The Gulf of Mexico expects to be clobbered by two tropical storms this week.
These are unlikely to directly impact the US Midwest’s developing corn and soybean crops - but they may well drag some much-needed rainfall for parts of the Midwest in their wake. The Atlantic Basin hurricane season officially concludes at the end of November, although the peak tends to be mid-August to late October.
The November-dated soybean contract approached the $9.20 per bushel mark last week - trading at its highest level since January this year - but thanks to the promise of more rainfall could not sustain that level and by midday today was trading around $9.04 cents per bushel.
Corn yields in Iowa, the biggest corn-producing state in the US, are being marked lower from the USDA’s latest forecast of 202 bushels per acre, thanks to the storm damage wrought on August 10.
However, the markets are being pulled in opposite directions by two forces: on one hand, continued massive demand from China; on the other, improving rainfall prospects.
Corn and soybeans both need an inch of rain per week during critical growing phases - and both crops are close to their final growth stages.
The USDA says that by 16 August 76% of the US corn acreage was at or beyond the dough stage, stage four of six, meaning that the kernels have accumulated half their total of dry weight; 69% of the corn was rated "good to excellent" - 13 points above last year (which got off to a slow start because of too much rain).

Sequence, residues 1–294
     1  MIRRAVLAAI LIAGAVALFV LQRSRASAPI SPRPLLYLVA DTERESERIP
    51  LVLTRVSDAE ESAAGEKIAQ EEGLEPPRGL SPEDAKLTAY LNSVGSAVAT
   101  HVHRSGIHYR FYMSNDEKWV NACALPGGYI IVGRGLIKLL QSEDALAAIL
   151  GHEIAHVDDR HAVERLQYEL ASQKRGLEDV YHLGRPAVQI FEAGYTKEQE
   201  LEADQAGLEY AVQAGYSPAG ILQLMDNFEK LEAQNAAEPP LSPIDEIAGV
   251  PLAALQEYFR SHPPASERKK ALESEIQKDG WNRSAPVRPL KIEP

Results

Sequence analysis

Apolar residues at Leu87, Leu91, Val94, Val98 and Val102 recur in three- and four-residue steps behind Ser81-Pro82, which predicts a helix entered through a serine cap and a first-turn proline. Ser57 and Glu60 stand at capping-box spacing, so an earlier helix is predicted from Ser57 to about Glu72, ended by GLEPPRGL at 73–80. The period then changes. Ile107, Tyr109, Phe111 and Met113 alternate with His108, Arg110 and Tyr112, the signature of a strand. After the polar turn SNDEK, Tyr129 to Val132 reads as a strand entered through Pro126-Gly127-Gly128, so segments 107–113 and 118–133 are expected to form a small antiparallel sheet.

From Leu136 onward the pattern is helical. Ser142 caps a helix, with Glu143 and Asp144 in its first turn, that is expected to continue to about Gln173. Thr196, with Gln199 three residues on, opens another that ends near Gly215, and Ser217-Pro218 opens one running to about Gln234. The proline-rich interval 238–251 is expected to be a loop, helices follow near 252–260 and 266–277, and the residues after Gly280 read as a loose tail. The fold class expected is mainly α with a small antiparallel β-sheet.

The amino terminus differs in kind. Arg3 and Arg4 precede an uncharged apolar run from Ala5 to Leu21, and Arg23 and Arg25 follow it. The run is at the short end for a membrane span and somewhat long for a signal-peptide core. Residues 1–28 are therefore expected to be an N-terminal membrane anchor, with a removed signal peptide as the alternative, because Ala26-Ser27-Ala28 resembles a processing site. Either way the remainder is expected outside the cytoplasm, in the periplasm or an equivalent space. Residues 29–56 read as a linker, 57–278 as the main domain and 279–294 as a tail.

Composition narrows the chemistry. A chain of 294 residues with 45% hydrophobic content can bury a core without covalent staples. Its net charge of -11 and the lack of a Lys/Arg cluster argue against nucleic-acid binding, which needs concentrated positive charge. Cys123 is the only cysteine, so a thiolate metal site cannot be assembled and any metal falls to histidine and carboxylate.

The USDA’s rating for the soybean crop put 72% of it at "good" or "excellent", 19 points higher than last year. With the harvested area stimated by the USDA are just over 83m acres, total supplies for US soybeans in 2020-21 are likely to be more than 5bn bushels
And despite the overall harvest reduction estimated by the influential private-sector Pro Farmer crop tour of the seven most important corn and soybean states, the corn crop would be the second-largest ever; that for soybeans would be the third-largest.
Corn in some south-eastern states has already started to be harvested, although in most it will last until early November. The soybean harvest will not start until October.
Further total crop estimates are likely before the final total is known - and by this stage they can only be downwards. Much will depend on weather conditions.
The main push me-pull you factors (China’s demand versus expected large crops) could well prove impervious to adverse weather - certainly the Midwest should avoid the worst of the hurricane season.
Yet uncertainties abound, such as if and how an economic recovery in the US will influence ethanol demand - roughly 40% of the US corn crop goes into fuel ethanol.
What is missing from the current thinking regarding the US weather outlook is any consideration of its possible impact on cotton.
With cotton largely grown south of the 36th parallel and in the US south-east and not harvested until as late as December, southern farmers are vulnerable to intense hurricane seasons. That of 2020 is expected to be very busy, with as many as 25 named storms - twice the average number - now expected.